Our experience was made all the more special because we had an opportunity to spend time with Lolly, Butch’s sister. They’d sit legs outstretched on deck chairs or in the Jacuzzi until all hours catching up and reliving their childhood in Zambia or their early years in Pongola. It was a joy to hear them laugh out loud, recalling trips with the family and their years “in the bush”.  

Lolly, diagnosed with  Parkinson’s disease, is an inspiration, someone who does not endure her illness and will not be defined by her condition lives a full and significant life with gusto. Until recently, she co-owned and managed a large, well respected short term insurance company in Pongola. Now retired she tends her orchids, gardens and takes life easy enjoying her children and grandchildren, family and a multitude of friends.

The Captain and crew on our voyage were fantastic.  Chef produced all our scrumptious meals in his tiny galley kitchen while the rest of the crew attended to us, helping inexperienced fly fishermen with their flies. This boat was ship shape in every way and the crew ensured we had plain sailing all the way.

At our long table, we enjoyed the company of our fellow passengers, a wide-ranging group of people from all walks of life.  We all had one thing in common; we were Covid exhausted and ready to interact. Responsibly.  Our conversations were boisterous, animated and fun, but with a liberal sprinkling of controversial opinions at times too.  .

Our cruise was a two nighter. Departure from Jozini Tiger Lodge was after lunch on day one; our first anchorage was at Hippo Bay; on day two, we sailed to Nkwazi bay, and on day three, we returned to the Lodge.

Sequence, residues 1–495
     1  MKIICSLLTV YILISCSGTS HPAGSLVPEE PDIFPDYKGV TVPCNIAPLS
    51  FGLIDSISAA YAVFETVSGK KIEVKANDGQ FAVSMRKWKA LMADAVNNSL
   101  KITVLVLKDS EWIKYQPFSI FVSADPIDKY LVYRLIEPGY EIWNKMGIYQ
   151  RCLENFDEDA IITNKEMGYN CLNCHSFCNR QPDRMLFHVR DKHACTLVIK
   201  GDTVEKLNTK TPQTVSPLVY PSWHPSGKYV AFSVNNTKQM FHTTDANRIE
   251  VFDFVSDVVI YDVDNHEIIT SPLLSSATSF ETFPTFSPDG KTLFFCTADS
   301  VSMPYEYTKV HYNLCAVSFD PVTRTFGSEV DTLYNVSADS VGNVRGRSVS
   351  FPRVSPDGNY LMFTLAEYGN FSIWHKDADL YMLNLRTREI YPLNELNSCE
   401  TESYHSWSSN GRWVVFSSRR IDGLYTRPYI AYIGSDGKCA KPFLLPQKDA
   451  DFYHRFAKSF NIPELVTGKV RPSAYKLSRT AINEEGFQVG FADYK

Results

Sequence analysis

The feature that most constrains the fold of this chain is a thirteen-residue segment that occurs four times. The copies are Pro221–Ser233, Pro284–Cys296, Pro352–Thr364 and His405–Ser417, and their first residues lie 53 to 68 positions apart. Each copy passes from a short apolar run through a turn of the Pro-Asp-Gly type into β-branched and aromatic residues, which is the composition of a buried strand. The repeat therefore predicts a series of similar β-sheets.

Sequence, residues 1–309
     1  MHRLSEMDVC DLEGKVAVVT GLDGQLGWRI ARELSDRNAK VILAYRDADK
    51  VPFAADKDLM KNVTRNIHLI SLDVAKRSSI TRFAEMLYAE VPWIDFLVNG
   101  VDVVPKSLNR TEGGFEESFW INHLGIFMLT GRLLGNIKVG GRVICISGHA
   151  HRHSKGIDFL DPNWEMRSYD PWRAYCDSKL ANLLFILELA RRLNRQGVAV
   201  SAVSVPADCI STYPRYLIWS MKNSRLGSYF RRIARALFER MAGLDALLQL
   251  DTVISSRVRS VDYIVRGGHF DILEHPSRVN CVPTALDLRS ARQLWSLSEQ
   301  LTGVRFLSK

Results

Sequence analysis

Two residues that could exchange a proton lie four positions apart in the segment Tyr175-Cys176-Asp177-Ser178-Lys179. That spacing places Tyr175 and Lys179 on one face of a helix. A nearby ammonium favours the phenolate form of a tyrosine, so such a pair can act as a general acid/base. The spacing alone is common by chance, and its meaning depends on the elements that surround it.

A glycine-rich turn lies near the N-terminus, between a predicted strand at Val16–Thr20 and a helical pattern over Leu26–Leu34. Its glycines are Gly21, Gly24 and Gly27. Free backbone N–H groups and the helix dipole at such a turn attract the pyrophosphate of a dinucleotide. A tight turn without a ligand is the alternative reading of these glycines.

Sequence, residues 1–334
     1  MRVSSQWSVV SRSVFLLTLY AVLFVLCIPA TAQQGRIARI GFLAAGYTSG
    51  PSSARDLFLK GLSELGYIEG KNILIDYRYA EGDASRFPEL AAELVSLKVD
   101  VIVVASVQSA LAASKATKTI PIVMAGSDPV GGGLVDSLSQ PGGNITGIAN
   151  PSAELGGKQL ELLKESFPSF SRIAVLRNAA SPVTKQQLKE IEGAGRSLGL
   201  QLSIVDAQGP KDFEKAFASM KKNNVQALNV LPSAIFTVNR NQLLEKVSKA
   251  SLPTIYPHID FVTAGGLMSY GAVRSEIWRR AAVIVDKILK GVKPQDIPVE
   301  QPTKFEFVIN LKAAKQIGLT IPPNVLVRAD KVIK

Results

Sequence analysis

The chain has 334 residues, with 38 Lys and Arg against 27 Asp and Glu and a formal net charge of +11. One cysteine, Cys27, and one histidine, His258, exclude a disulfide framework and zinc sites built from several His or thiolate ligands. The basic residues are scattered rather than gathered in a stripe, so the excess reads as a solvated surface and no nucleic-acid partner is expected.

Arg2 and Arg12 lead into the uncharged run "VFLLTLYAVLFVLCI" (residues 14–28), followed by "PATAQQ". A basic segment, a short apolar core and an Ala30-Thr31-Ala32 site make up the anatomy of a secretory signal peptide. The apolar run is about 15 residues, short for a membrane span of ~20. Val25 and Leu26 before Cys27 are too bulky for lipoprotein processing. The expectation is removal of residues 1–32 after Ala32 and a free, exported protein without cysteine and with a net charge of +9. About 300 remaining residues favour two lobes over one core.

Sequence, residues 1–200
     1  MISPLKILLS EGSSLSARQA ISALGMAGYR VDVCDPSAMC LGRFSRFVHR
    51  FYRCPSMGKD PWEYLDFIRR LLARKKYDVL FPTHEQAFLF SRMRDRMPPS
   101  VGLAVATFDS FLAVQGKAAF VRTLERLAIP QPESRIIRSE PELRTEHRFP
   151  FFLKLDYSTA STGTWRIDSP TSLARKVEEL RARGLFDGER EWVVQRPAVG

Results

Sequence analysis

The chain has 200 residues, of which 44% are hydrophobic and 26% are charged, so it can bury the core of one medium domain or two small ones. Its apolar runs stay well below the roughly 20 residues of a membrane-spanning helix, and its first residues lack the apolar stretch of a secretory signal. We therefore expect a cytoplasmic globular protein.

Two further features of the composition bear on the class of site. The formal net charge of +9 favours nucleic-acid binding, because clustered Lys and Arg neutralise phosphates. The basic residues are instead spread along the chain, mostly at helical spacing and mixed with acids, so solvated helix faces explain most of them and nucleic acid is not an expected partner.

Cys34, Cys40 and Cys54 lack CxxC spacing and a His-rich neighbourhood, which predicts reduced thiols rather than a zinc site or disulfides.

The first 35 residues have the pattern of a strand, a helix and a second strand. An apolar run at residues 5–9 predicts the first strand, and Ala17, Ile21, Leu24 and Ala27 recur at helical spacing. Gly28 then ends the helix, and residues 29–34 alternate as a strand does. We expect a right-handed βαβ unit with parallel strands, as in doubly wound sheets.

Thank you Rebecca and Mark, Hanna and Evianna, Marikus, Hermien and Michiel, Ben and Annette, Lolli, and of course my Butch, the Captain and his crew for making my first experience on a houseboat unforgettable.  You certainly float my boat!


Many families from the Western Cape and Boland enjoy a holiday up North during our winter months, and planning getaways are one way of dealing with winter.  “One always needs something to look forward to”, Butch believes.  I can’t recommend this trip highly enough.  I felt like an African queen and disembarked, feeling revitalised and ready to resume our journey.

Lol, I can’t thank you enough for gifting us such an awesome experience; not only was it something I’ve always dreamt about, but it was also the perfect time to reacquaint in peaceful surroundings embracing two of our favourite locations, water and the bush.

In the kitchen, our dryer is constantly busy tumbling our laundry.  It’s not a new piece of equipment; it squeaks and grinds and grates.  I can hear the drum singing shrilly, “Le-ta-ba. Le-ta-ba,” A sure sign it’s time to move, I’d say? If I had a choice it wouldn't be crackling fires and Wellington boots.